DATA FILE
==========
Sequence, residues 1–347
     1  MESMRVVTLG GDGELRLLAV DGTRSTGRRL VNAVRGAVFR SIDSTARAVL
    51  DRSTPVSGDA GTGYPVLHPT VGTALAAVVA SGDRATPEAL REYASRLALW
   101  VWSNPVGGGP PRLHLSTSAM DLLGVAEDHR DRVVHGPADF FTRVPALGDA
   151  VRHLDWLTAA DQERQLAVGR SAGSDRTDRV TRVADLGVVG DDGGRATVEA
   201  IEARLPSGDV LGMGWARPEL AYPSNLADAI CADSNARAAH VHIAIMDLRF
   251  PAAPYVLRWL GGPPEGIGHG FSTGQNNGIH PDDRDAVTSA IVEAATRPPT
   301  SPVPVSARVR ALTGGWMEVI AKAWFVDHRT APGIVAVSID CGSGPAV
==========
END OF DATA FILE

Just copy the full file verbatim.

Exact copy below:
Sequence, residues 1–347
     1  MESMRVVTLG GDGELRLLAV DGTRSTGRRL VNAVRGAVFR SIDSTARAVL
    51  DRSTPVSGDA GTGYPVLHPT VGTALAAVVA SGDRATPEAL REYASRLALW
   101  VWSNPVGGGP PRLHLSTSAM DLLGVAEDHR DRVVHGPADF FTRVPALGDA
   151  VRHLDWLTAA DQERQLAVGR SAGSDRTDRV TRVADLGVVG DDGGRATVEA
   201  IEARLPSGDV LGMGWARPEL AYPSNLADAI CADSNARAAH VHIAIMDLRF
   251  PAAPYVLRWL GGPPEGIGHG FSTGQNNGIH PDDRDAVTSA IVEAATRPPT
   301  SPVPVSARVR ALTGGWMEVI AKAWFVDHRT APGIVAVSID CGSGPAV